THE search is on for this year’s green champions in Sheffield - we want YOUR nominations.
For the sixth year, the Sheffield Telegraph is launching its Environment Awards to highlight some of the outstanding contributions to to protecting the environment over the last 12 months.
Now’s the time to nominate individuals, schools, community groups and businesses who have made a real difference to the Sheffield area.
Sponsored by E.ON, the awards ceremony will be staged on Monday, October 15.
The Sheffield Telegraph awards scheme has proved so successful that it won an environment prize itself this year – in the regional press community awards.
Here, E.ON outline why they are backing the awards:
Working in partnership with forward-thinking cities means we can make a real difference in reducing carbon emissions and energy costs while at the same time creating jobs and supporting community projects.
That’s the view of E.ON, the Sheffield Telegraph Environment Awards 2012 main sponsor, which has been working with Sheffield City Council for the last 18 months as part of its Sustainable Cities initiative, bringing together private and public sector organisations to work alongside one another, developing energy projects to put people in command of the energy they use.
As well as its many thousands of business and residential customers across the city, E.ON already has an office base at Dearne Valley and is currently building the Blackburn Meadows biomass renewable energy plant that will convert recycled waste wood into electricity for around 40,000 homes.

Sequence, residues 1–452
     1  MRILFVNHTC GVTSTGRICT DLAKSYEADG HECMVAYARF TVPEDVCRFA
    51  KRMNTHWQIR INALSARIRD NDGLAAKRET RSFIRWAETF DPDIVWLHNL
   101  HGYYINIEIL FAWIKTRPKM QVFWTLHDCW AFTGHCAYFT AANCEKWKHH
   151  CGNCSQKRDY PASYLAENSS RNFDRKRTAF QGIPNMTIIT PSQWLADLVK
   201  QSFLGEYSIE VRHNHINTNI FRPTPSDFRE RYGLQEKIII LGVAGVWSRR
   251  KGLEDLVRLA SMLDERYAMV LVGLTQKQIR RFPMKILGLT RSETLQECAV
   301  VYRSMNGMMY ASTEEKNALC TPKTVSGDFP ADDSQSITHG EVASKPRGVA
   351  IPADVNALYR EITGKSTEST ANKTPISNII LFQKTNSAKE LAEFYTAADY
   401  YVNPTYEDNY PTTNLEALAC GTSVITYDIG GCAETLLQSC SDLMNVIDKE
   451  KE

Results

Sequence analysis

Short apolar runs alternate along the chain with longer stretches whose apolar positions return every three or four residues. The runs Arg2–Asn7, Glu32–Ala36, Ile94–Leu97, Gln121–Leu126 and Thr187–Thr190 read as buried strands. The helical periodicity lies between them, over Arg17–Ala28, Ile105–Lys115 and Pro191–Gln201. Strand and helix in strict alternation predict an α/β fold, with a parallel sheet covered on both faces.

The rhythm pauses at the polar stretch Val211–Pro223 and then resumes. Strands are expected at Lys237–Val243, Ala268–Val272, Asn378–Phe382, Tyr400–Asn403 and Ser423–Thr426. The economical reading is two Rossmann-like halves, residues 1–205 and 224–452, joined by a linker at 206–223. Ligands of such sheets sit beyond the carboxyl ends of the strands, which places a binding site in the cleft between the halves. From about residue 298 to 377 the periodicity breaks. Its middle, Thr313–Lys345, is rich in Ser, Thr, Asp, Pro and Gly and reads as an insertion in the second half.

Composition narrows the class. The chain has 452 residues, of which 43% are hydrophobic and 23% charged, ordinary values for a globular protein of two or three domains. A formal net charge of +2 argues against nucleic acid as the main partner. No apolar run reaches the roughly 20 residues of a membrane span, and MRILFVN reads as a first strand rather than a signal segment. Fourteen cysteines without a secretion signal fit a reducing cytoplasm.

And it is right across the energy world where E.ON is looking to help people cut their energy consumption, their bills and their carbon emissions.
“Our relationship with energy is changing,” said Luke Ellis, Construction Manager at Blackburn Meadows, “and as an energy company we want to go far beyond simply supplying the power and gas our customers need to run their daily lives.
“People know a lot about how we’re generating energy in different ways, and how we’re helping our customers to use less and lose less energy through better insulation or things like solar panels, but one of the main elements of our City Partnership here in Sheffield is to think differently and plot the journey towards a sustainable Sheffield in the future.
“One example might be taking control of household waste, diverting that rubbish from landfill and using it to generate biogas that could either heat our homes or power a lower-carbon bus fleet. It’s all about joining up the different elements of city life to provide a sustainable solution.”
Backing up its claim of wanting to involve customers at every stage of the process, in January, E.ON launched its Reset Review which is designed to examine every aspect of the company’s relationship with its customers – from tariffs and bills to how customers pay, how products are sold and how support is offered.
E.ON’s Reset Review continues to identify and discuss changes with customers through its 28,000-strong YourSay panel, its independent Customer Council, its 1,000-strong MySay employee panel and through discussions with consumer advocacy groups such as Which? and Consumer Focus.
For further information, details of the improvements made to date or to join customers already on the YourSay panel, please visit www.eonenergy.com/reset.
NOMINATION FORM: The official nomination form for this year’s Sheffield Telegraph Environment Awards, sponsored by E.ON,is in this week’s Sheffield Telegraph.
You can still get a copy from our shop in York Street, Sheffield - or by writing to Promotions Department, The Sheffield Telegraph, York Street, Sheffield, South Yorkshire S11PU.